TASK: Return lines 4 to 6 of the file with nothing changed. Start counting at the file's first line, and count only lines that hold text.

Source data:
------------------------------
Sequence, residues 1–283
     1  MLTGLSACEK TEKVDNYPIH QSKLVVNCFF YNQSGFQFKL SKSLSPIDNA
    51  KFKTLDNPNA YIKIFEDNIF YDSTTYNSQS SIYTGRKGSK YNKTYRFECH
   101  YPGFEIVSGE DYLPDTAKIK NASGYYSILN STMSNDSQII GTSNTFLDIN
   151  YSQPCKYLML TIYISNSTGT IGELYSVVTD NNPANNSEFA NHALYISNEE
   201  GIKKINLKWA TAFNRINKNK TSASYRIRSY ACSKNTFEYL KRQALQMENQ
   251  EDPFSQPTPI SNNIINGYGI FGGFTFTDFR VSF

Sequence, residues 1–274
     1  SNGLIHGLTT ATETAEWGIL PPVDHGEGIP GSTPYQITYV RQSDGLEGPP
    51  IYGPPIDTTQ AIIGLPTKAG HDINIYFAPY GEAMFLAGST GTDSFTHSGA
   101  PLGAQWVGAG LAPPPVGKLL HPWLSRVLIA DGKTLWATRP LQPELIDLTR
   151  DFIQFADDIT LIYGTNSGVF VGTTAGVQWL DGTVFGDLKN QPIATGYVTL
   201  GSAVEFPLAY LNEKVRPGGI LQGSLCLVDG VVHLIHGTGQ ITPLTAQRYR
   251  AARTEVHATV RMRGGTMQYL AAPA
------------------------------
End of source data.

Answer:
   101  YPGFEIVSGE DYLPDTAKIK NASGYYSILN STMSNDSQII GTSNTFLDIN
   151  YSQPCKYLML TIYISNSTGT IGELYSVVTD NNPANNSEFA NHALYISNEE
   201  GIKKINLKWA TAFNRINKNK TSASYRIRSY ACSKNTFEYL KRQALQMENQ